In his instructions on meditating in “The Anapanasati Sutta” the Buddha suggested meditators go “to the forest or to the root of a tree or to an empty hut.” While this is a lovely idea, it is not always practical. Many of us meditate with an endless stream of distractions like car alarms, snoring partners or fighting neighbors. I would like to suggest that this can be seen as a benefit to our practice. Meditating in a noisy room can help us conquer the “monkey mind” and learn how to awaken to our life just as it is.
When we first discover meditation it can feel as though we have gone crazy. Our thoughts come rushing forward, seemingly out of nowhere, with the relentless pace and volume of a waterfall.
Learning to step out of this “stream of consciousness”, to drop our thoughts and bring our focus to the breath, is already a challenging practice that demands a strong commitment and a lot of effort. How could a noisy room possibly be a benefit?
I would argue that sound is just another phenomenon like thoughts, that can be recognized and let go of, allowing us to return to following the breath. Until I started paying attention to my mind, I had no idea I was so distracted by my own thinking.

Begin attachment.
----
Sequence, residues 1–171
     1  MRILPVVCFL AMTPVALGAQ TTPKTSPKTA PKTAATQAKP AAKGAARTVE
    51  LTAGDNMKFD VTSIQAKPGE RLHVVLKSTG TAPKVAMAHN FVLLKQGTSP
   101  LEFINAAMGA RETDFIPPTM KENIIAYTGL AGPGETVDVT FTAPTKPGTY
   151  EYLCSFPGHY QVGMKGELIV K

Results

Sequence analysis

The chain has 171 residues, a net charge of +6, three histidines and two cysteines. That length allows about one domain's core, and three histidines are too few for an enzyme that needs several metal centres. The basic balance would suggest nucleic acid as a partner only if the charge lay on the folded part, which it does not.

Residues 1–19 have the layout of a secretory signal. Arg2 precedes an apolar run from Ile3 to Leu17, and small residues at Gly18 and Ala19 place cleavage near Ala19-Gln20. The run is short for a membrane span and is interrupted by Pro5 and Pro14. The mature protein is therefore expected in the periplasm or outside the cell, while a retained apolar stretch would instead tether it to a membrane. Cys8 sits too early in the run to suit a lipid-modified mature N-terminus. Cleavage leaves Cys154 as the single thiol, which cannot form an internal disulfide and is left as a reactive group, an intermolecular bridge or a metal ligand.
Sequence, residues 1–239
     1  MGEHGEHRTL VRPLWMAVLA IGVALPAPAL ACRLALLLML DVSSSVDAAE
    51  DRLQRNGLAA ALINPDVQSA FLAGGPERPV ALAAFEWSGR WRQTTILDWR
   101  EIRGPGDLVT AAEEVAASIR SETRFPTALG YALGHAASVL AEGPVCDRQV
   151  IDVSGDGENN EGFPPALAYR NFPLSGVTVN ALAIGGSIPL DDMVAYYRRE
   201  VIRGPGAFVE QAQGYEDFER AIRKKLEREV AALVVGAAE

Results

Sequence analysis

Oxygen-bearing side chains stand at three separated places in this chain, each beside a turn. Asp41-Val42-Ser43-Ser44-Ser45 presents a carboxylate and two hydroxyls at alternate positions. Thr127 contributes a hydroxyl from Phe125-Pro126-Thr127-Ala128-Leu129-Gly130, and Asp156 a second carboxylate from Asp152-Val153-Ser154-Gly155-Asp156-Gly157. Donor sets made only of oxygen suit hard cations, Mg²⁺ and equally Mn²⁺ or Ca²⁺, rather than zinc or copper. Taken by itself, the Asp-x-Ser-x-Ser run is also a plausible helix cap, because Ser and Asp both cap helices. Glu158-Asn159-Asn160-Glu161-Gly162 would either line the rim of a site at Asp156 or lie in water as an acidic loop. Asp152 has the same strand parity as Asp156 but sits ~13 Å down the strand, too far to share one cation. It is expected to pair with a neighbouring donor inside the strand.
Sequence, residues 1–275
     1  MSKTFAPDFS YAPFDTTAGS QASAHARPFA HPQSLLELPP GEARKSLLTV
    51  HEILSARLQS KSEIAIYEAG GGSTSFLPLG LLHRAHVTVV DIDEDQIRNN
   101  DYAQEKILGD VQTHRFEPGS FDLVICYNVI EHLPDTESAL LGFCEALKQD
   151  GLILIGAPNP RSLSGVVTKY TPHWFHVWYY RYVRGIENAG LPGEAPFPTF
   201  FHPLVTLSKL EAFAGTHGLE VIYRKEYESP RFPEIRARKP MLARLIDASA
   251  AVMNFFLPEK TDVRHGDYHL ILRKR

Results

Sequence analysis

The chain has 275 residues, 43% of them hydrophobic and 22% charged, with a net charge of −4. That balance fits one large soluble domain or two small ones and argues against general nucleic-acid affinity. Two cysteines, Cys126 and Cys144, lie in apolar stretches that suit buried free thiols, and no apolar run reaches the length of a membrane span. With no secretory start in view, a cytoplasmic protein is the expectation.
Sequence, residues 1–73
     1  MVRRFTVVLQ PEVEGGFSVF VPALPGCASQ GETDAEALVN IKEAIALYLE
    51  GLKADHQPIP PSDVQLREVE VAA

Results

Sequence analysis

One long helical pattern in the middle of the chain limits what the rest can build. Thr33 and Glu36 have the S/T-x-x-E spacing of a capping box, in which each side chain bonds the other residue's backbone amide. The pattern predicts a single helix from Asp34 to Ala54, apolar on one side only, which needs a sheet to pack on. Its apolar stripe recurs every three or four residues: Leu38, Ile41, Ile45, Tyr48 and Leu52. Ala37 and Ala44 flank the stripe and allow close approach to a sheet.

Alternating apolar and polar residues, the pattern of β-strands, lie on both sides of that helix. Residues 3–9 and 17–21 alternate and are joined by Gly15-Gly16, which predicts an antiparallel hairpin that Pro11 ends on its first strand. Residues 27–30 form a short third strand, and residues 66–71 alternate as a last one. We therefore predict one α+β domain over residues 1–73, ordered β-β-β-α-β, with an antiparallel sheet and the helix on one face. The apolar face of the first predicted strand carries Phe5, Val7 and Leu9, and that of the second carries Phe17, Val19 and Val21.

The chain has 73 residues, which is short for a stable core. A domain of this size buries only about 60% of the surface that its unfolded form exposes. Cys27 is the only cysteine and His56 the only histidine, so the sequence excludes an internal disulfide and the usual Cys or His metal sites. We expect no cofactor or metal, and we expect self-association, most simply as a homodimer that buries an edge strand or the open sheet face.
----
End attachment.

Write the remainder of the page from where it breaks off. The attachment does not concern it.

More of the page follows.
In Zen meditation we still the body, follow our breath, notice when we’re thinking, let go of the thought and return to the breath. If I can’t recognize, accept and let go of the distraction of a snoring spouse, how can I possibly let go of the nagging worry and fear about the future?
A noisy room can be our teacher. Meditating in the face of distracting sounds can strengthen our practice, helping us learn to let go of any number of unwelcome intrusions like paralyzing worries or unkind judgments. Every moment that we wake up to, that we bring the clarity of mindful awareness to, is a moment of enlightenment.
May your practice be strong!
Anthony A Cernera